Interview: Business and Legal Issues for Art Advisors with Katherine Wilson-Milne and Steven Schindler

Aug 21, 2019

Katherine Wilson-Milne and Steven Schindler, Partners at Schindler Cohen & Hochman LLP and course instructors in our Art Advisory 201 Program, discuss common conflicts and explain how the art market has changed from a legal perspective.

What are the most common sources of conflict that you come across in your work as art attorneys and how could those conflicts be prevented?
By far most of the conflicts stem from not having written agreements between artists and galleries, collectors and dealers or between other collaborators. Parties often think they are on the same page, but writing business and relationship terms down really helps to make sure all parties are really clear on their respective responsibilities.

How do you feel the art market has changed over the past 20 years from a legal perspective?
The higher price and profile of art, especially with respect to contemporary art and cultural property/appropriation issues, has made the risks for art market players much greater. The potential liability with respect to one work of art can easily be millions of dollars. That risk makes parties more inclined to document transactions, engage in better due diligence and have written agreements. The art world is not fully professionalized in this way, but it is moving in that direction due to market realities.

What would your number one piece of advice be for new art advisors starting their own business?
Do not handle your client’s money. Of course, some advisors are also dealers, but those roles are distinct. If you feel like you may have a conflict of interest, you should consult an attorney and make sure any dealings with your client are well documented.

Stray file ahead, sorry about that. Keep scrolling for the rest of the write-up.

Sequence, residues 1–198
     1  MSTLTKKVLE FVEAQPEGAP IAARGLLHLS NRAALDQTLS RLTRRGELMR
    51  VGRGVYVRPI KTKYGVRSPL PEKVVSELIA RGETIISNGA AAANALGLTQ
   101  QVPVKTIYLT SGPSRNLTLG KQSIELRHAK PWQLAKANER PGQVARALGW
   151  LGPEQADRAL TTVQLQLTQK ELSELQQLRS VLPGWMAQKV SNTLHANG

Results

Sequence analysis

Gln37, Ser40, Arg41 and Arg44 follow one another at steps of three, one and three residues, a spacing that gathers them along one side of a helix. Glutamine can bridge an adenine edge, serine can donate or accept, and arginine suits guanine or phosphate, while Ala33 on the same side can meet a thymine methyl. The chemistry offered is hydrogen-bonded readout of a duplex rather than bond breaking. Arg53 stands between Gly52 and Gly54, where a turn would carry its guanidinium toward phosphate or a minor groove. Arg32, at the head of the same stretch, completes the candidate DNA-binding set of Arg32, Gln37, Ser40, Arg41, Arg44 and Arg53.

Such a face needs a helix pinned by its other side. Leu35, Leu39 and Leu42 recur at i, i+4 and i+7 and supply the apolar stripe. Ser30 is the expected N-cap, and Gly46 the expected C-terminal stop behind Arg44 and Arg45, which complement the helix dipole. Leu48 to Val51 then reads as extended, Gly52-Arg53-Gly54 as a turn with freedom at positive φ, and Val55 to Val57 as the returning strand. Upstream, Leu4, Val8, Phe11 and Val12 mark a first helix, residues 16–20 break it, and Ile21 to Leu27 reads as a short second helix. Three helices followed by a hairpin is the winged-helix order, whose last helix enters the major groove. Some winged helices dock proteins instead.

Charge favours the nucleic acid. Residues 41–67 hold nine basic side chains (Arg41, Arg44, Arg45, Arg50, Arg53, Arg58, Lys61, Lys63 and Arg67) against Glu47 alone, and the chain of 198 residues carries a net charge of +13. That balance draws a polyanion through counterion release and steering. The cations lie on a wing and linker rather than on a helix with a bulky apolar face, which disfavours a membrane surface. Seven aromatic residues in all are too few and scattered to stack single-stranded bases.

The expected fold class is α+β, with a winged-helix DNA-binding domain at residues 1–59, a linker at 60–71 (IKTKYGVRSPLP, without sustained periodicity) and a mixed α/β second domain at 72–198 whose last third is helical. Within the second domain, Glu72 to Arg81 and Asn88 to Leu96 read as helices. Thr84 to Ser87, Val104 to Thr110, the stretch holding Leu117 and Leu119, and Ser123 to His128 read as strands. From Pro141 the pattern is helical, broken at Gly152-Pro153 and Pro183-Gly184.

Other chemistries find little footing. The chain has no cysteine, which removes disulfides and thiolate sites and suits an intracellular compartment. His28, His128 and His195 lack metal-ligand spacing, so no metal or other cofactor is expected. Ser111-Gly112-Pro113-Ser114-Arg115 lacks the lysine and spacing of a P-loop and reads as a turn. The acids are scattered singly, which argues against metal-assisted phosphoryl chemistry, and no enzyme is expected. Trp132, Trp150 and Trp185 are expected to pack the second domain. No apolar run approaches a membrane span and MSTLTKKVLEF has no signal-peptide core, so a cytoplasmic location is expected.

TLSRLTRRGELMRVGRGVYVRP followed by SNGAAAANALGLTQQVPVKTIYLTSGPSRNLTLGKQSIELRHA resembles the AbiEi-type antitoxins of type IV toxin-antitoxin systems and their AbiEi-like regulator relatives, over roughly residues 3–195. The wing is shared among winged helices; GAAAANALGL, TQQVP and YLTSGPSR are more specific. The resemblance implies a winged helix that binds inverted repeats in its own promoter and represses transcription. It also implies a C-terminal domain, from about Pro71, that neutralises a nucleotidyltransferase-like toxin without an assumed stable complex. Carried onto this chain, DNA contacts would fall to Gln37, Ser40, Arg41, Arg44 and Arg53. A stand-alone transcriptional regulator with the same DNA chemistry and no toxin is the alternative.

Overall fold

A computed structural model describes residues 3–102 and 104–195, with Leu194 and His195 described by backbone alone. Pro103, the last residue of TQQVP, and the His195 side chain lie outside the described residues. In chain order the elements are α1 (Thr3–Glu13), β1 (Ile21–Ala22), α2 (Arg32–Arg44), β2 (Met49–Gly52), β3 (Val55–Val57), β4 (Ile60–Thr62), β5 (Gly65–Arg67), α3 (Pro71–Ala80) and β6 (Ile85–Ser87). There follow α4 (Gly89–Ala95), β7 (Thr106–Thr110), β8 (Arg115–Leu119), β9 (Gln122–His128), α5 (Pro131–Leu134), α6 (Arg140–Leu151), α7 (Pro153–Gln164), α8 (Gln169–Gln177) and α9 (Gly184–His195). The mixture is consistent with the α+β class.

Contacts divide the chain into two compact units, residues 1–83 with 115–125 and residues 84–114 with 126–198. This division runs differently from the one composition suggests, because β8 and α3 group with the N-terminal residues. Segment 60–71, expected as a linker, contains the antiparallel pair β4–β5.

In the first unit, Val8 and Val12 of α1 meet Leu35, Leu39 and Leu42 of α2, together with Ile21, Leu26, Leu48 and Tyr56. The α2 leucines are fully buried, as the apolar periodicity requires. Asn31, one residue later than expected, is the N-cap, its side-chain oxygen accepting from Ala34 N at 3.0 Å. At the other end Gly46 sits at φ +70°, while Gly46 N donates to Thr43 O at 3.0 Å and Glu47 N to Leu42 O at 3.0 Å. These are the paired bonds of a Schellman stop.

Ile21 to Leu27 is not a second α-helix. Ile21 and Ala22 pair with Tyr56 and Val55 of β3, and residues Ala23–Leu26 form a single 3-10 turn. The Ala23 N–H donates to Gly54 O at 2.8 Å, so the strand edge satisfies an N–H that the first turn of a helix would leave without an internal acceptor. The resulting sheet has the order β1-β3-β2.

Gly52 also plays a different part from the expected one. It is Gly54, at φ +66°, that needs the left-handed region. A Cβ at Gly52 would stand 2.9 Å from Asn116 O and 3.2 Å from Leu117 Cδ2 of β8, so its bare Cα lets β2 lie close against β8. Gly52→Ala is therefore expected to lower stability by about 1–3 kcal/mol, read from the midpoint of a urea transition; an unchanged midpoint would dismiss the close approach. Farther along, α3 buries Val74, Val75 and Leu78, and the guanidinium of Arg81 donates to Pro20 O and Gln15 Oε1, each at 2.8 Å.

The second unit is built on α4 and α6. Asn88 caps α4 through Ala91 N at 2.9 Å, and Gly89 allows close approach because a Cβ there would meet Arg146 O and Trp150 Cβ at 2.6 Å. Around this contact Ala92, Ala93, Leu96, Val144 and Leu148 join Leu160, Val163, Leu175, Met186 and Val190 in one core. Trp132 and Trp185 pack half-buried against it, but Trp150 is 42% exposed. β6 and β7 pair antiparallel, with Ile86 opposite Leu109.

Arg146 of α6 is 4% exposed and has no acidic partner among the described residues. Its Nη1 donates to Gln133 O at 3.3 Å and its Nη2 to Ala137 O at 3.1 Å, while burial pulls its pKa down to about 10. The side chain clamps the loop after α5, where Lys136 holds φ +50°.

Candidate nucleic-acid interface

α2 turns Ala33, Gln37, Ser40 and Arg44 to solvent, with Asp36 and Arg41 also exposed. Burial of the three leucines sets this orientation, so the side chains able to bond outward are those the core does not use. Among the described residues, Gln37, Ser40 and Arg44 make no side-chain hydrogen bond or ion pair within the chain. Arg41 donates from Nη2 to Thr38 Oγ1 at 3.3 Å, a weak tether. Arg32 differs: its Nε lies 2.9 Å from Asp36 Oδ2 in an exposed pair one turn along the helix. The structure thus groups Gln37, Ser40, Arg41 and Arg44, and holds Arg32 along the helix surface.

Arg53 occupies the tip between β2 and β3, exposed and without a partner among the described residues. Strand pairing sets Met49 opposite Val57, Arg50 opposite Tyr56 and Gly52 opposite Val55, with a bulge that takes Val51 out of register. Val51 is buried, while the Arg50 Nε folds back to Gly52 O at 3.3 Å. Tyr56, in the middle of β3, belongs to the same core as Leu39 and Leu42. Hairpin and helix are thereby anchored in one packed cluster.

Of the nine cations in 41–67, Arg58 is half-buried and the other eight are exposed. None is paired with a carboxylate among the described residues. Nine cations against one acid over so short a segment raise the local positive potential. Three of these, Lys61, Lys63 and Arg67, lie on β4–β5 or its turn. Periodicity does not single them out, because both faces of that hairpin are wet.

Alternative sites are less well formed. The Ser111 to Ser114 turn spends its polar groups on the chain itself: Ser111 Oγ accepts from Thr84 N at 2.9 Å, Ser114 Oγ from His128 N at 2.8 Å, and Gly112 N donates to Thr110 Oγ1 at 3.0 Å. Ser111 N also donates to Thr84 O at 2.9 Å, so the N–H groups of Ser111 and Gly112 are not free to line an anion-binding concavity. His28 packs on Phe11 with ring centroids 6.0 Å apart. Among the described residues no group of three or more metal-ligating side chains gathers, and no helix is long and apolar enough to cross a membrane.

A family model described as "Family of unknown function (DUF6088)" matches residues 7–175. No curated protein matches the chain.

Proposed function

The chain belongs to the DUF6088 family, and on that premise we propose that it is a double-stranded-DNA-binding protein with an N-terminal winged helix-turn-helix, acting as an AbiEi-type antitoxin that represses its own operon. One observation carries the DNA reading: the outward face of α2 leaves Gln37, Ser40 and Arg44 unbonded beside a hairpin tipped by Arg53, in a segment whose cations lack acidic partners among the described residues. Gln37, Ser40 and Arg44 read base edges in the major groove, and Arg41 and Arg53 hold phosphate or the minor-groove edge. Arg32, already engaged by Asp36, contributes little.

What is the difference between a fiduciary and an agent?
An agent is someone who may legally bind her principal (i.e., sell a work of art on the principal’s behalf), because the principal has given her that authority. Examples of agents are gallerists with respect to artists they represent, dealers with respect to their consignors and money managers or financial advisors with respect to those on whose behalf they are investing. Agents always owe fiduciary duties to their principals, which means that they must act in the best interests of the principal. There are other types of fiduciary relationships (e.g., attorney-client). If you are providing specialized advice to a client and they are relying on your advice with respect to spending money or selling art, you should assume you have fiduciary obligations to that client.

Find out more about Business and Legal Issues for Art Advisors with Katherine Wilson-Milne and Steven Schindler. Enroll in our Art Advisory 201 Program today!

Note: This interview is not intended to be a source of legal advice for any purpose. Always seek the legal advice of competent counsel in the relevant jurisdiction.


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